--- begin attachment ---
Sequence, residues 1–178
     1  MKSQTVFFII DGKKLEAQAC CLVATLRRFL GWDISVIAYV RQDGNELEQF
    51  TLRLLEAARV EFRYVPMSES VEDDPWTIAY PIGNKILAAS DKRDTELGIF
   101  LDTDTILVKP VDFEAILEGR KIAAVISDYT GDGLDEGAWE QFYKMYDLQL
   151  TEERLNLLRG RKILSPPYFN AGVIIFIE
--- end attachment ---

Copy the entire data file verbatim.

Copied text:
Sequence, residues 1–178
     1  MKSQTVFFII DGKKLEAQAC CLVATLRRFL GWDISVIAYV RQDGNELEQF
    51  TLRLLEAARV EFRYVPMSES VEDDPWTIAY PIGNKILAAS DKRDTELGIF
   101  LDTDTILVKP VDFEAILEGR KIAAVISDYT GDGLDEGAWE QFYKMYDLQL
   151  TEERLNLLRG RKILSPPYFN AGVIIFIE